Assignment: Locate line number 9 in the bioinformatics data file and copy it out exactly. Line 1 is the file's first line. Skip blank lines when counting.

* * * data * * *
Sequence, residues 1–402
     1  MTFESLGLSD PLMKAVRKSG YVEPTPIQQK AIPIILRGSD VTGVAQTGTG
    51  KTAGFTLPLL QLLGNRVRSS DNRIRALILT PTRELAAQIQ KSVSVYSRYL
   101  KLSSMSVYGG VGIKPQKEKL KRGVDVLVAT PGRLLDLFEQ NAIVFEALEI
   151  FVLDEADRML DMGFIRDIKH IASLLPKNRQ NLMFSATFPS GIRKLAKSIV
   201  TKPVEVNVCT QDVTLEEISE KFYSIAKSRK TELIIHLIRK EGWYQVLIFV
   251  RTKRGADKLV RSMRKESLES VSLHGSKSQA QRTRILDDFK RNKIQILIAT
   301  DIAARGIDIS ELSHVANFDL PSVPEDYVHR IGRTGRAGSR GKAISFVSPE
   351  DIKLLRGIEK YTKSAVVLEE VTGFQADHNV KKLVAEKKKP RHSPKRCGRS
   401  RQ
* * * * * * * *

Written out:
   351  DIKLLRGIEK YTKSAVVLEE VTGFQADHNV KKLVAEKKKP RHSPKRCGRS